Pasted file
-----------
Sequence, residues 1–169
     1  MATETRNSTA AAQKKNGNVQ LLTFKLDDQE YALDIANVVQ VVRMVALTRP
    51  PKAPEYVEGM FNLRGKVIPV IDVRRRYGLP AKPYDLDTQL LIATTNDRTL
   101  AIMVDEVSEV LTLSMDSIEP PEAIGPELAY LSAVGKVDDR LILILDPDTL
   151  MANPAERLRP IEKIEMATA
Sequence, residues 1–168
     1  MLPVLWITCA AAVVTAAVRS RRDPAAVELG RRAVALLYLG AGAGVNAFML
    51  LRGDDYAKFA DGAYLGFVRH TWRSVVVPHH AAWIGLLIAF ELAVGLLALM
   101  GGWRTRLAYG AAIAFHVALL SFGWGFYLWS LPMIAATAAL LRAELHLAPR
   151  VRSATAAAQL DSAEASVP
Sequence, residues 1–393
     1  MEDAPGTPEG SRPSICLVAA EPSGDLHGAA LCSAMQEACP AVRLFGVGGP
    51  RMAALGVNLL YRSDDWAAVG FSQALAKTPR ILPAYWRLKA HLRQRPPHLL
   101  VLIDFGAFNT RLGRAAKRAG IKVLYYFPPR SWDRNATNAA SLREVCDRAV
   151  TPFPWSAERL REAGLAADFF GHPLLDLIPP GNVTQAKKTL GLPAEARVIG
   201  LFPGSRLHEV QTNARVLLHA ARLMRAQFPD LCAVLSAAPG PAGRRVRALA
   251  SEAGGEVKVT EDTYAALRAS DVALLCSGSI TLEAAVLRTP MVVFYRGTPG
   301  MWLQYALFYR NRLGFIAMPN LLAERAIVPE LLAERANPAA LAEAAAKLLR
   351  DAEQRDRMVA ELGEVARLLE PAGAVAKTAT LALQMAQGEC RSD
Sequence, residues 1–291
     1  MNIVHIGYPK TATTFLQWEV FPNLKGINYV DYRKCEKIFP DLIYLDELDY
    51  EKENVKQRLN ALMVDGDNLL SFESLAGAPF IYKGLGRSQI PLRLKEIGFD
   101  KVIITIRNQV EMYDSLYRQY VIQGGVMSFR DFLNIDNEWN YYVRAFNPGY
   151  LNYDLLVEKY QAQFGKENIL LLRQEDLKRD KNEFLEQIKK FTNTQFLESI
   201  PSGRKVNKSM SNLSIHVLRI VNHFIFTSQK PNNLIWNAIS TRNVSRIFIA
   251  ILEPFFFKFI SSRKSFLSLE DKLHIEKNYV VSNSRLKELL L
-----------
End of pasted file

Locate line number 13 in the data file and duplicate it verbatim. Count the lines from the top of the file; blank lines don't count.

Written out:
    51  RMAALGVNLL YRSDDWAAVG FSQALAKTPR ILPAYWRLKA HLRQRPPHLL